Lesbian couple on carrying each other’s babies through IVF

Lesbian couple opens up about their IVF journey.
Image: Instagram/ @twomumstwobuns.

A UK lesbian couple opens up about the “mad process” of carrying each other’s babies using IVF.

In an interview with Tyla, the couple talked about their experience with IVF and carrying each other’s babies at the same time.

Emily Patrick, 38, and her partner, Kerry Osbourne, 35, first embarked on their unique fertility journey in September 2021. They are now due to give birth to each other’s child in the New Year, just one month after the other.

The expecting mothers have documented the process on their Instagram @twomumstwobuns.

“We always thought it’d be nice to carry each other’s babies but never knew if it was an actual thing or not because you don’t really hear about it much,” said Emily.

In the process, one woman supplies her eggs which are retrieved and fertilised by donated sperm in IVF. Then the resulting embryo(s) are implanted into her partner for pregnancy.

An expensive process

The couple soon found out the process was very expensive.

Emily, who is due on January 4, and Kerry, who is due on the leap year on February 29, wanted both their babies to have the same biological donor. To do so, it was required that they buy multiple sperm vials and pay the clinic for ongoing storage costs. They also needed to buy a family slot, which would guarantee they were not ruled out of further treatments.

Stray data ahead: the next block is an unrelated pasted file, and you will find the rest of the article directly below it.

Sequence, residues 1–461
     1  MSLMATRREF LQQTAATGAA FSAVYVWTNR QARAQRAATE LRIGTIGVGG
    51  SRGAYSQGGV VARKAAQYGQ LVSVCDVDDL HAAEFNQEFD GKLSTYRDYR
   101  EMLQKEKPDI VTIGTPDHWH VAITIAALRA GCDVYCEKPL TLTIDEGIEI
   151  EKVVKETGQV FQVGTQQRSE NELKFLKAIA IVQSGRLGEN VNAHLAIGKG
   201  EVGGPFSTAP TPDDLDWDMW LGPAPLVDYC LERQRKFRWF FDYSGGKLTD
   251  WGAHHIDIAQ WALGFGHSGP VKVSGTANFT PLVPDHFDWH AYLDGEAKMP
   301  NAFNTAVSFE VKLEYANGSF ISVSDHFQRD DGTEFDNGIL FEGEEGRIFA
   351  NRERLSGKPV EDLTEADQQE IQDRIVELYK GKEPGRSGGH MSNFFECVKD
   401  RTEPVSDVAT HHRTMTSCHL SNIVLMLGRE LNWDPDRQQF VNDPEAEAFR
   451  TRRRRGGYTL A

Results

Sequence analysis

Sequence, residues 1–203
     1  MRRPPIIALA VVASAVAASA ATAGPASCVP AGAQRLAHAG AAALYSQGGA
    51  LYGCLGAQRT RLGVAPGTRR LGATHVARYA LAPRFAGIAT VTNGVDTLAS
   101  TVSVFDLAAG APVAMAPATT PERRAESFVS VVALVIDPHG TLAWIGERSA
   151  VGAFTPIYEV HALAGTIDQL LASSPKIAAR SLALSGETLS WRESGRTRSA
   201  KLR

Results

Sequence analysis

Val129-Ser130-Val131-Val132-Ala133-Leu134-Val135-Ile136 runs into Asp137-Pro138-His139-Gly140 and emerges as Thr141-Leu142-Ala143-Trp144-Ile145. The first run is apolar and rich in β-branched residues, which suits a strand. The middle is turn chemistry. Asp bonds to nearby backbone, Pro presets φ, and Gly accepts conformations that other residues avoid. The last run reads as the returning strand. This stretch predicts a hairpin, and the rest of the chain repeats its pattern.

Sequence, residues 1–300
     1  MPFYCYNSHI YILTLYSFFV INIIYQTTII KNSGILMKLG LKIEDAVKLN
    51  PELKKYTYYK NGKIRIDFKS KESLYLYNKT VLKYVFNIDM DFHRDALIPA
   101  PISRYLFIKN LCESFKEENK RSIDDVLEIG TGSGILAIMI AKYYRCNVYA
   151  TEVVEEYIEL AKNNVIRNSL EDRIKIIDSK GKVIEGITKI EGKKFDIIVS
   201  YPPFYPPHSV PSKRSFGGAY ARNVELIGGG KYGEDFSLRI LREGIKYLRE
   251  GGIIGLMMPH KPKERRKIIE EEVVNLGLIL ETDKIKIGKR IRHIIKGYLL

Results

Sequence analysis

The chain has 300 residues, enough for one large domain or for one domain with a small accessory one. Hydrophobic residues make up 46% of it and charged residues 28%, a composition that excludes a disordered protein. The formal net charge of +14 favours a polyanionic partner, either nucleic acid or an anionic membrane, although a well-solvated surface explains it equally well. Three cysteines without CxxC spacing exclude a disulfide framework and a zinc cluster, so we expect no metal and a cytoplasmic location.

The couple say having the same biological donor was a necessity. They believed it would make the bond between siblings “a lot stronger.”

They say the total costs were close to £20, 000 for both of them.

“We’re both really lucky, to be honest. Like, I got pregnant first time, which is really mad,” Emily said. “Kerry got pregnant on the second cycle of IVF which was still really good considering some people try for years and years.”

Emily offered some advice to other couples looking into IVF.

“I think you’ve just got to go into it really open-minded and be like, ‘you know, it might work, it might not work. What are, you know, what are our back up plans if it doesn’t work?’”

She also said it’s not always a fun journey.

“Just be aware that, you’ve got to be mentally strong quite a lot of the way through it.”

Read More:

Courtney treats IVF patients every day, now her wife is one of them


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Brooke Tindall

QNews, Brisbane Gay, App, Gay App, LGBTI, LGBTI News, Gay Australia

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